Peter: I'm willing to cut Jose Luis Borges some slack because he came from another culture, and was writing from a distant place, in 1941. But as a review, it suffers from the same failings he attributes to CITIZEN KANE. His piece is diffuse, ideasyncratic, sketchy, and irritating. [Sounds like D.I.S.H., what I suffer from.]
I have never read a review of CITIZEN KANE, the picture itself, which succeeds in putting it down. Borges review is no exception.
He seems not to appreciate that the film is indeed essentially a jigsaw puzzle, and that the picture, if we had the last piece of the puzzle, is that of "A Great American" -- the kind of person we like to say represents "The American Success Story." In creating his story with such incredible skill, Welles has insured that Charles Foster Kane still stands for "The American" and Americans in general, 65 years after it was made. Perhaps for centuries into the future.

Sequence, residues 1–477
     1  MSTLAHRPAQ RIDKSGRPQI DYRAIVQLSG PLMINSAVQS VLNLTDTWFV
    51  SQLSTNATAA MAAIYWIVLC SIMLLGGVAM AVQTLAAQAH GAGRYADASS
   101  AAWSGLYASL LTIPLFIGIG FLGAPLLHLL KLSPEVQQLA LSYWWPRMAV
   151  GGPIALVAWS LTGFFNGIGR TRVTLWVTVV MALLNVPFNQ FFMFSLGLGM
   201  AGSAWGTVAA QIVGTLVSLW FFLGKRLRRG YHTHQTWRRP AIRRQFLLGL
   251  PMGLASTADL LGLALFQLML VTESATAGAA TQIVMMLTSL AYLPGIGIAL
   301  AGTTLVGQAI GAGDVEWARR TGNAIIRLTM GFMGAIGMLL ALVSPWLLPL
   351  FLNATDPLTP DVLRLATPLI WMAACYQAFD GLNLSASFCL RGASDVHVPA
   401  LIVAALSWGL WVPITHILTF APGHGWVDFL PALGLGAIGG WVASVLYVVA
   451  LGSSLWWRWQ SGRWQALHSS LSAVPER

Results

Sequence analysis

Borges apparently regards the picture's "magical" (genial) qualities as a drawback. Yet they are what help keep the film fresh.
He also does not appear to recognize that there is actually something in the center of Kane's labyrinth. Borges has simply overlooked or discounted it. What is there explains a life Kane never quite understood in the conventional terms of the philistine he was raised to become, the person he was at war with, the man he tried unsuccessfully to escape. And when he could not, tried to free others in his stead. He failed in that, too, as Susan Alexander Kane would attest to. What is at the center of Kane's childhood labyrinth stands for the loss of his mother who, even in her despair, might have given him what he needed to become fully human; in the way that Welles at a very young age knew that he had been crippled by the loss of his own mother.
Really, it is not vital that the loss mean the same thing to us, only that it meant something like that emotionally to him [to them?], and the impact of that realization is endlessly heartbreaking, if we have a heart to break.